# 741 Op Amp (Part II)

We have seen various properties of opamp. Now we will put opamp in various scenarios and will try to analyze its output behavior. Here i would like to introduce on more term "stability", a circuit is stable if every part says it is ok!, below we will also try to guess various output voltages (opamp's) to see if the circuit is stable.

Note that for all the example below, the power supply pins +Vcc and -Vcc are not show, but you can assume that these pins are connected to +12V and -12V DC supply. Also assume that gain of opamp used in the circuit is 1000000.

1) Below is shown a circuit where +2V is applied to inverting input, and +5V is applied to non-inverting input. Now what should be the output ?

From our study of opamp, we know that if voltage at +ve pin is greater than -ve pin, the opamp swings toward +ve voltage. And the voltage value is calculated by equation..

output_voltage = [voltage_at_non_inv_input - voltage_at_inv_input] * gain

applying this formula we get,

output_voltage = [5-2] * 1000000
= 3000000 V

But practically our opamp won't be able to go upto 3000000 Volts because +Vcc itself is 12V. Hence at output opamp will give +12V.

2) Now in the next circuit +5v is applied to inverting input, and +2V is applied to non inverting input. Here what should be the output ?

We will again use the equation..

output_voltage = [voltage_at_non_inv_input - voltage_at_inv_input] * gain

Applying this formula we get...

output_voltage = [2-5] * 1000000
= -3000000 V

Here also, opamp won't reach till -3000000V because it will be again limited by -Vcc. Hence the output will be -12V.

3) In this circuit both inverting and non-inverting inputs are grounded or 0V is applied to both the inputs. In this case what should be the output ?

We will use the equation again..

output_voltage = [voltage_at_non_inv_input - voltage_at_inv_input] * gain

output_voltage = [0-0] * 1000000
= 0 V

Hence, Ideally the output should be 0V.

4) Here comes the good one, output is connected to the inverting input, and +12V is applied at non-inverting input. Here what should be the output ?

For this circuit lets guess some outputs and see if the circuit is stable..

Say 0V should be at output..

Now output is 0V, then inverting input should also be 0V, now the equation says...

output_voltage = [2-0] * 1000000
= 2000000 V
= 12V (max Vcc)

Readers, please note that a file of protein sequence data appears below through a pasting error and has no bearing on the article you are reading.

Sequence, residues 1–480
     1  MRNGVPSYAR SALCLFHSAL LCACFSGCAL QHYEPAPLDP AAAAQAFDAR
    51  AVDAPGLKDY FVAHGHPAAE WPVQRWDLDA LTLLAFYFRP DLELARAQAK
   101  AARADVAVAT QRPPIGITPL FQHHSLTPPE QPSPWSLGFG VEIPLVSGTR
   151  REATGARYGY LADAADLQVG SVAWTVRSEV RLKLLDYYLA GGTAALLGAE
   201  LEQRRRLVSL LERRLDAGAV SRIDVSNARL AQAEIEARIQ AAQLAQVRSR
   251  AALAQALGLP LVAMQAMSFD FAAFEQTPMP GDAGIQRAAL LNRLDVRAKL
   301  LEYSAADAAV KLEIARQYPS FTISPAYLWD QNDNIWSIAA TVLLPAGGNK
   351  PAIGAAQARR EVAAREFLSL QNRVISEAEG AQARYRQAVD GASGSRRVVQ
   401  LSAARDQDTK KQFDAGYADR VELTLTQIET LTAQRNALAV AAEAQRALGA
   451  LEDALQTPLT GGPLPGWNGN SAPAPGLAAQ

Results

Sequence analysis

But this is not true, since at first place we have assumed that output is 0V. This means that with 0V, circuit is not stable.

It seems we have found the problem, because of the large gain and feedback connection, the guessed values are not making circuit happy (stable).

Now we should think some value, so that the difference between input is very small, and when this difference is multiplied by gain, the output should be very close to guessed value, making opamp stable.

Say 1.999998 is at output...

output_voltage = [2-1.999998] * 1000000
= 2 V
= 2V

1.999998 seems to be a good value, because 1.999998 brings the equation very close to 2V (guessed) and the opamp will be stable here.

This is the beauty of feedback, opamp is not saturated (+VCC or -VCC) and also found a stable voltage by itself (2V).

5) Lets analyze the circuit below, don't rush, take your time to analyze behavior of this circuit.

From last circuit we have observed that opamp circuit (with feedback) is stable when voltages on both the inputs are almost same. In this case non-inverting input is grounded, and inverting input is getting feedback from output through resistors. Now if this circuit to be stable voltage at inverting input should be same as voltage at non-inverting input i.g 0V. This means that voltage at point P shown should be 0V.

Lets simplify the circuit as shown below..

We know that at point P voltage should be 0V. Value of current i flowing through circuit can be calculated from the section between P and ground.
i = V/R
= 2/1
= 2A

This 2A current should also flow through 3 Ohms resistor and the unknown voltage should provide this current. Lets calculate this unknown voltage...
V = I x R
= 2 x 3
= 6V
And for the direction of current shown, this voltage should be -ve, hence -6V should appear at opamp's output.

6) Now to the same circuit described above, in put is fed with varying signal, say 1V peak to peak sine wave, then what should be the output ?

To this circuit we already calculated that for 2V input output is -6V. Similarly if you recalculate for 1V input you will get output as -3V. Hence this circuit behaves as an amplifier with gain -3. Gain for same circuit with different values of resistor can be calculated as..
gain = - Rf/Rin (where Rf is feedback and Rin is input resistor)
= - 3/1
= -3
And Voutput = - (Rf x Vin) / Rin
Hence for a sine input of 1v peak to peaks this circuit will output inverted sine wave of 3 volts peak to peak.

Answer : 3V peak to peak inverted sine wave

7) In the circuit below every thing is same, except the resistor values are changed. This type of circuit you will generally find in books, but it is not so understandable for new reader. Here what should be the output ?

We know (from previous circuit) that this is an inverting amplifier, where the gain is calculated by -Rf/Rin.
Voutput = - (Rf x Vin) / Rin
Voutput = - 1 x Vin
Hence output will be inverted sine wave with -V peak to peak.

Answer : 1V peak to peak inverted sine wave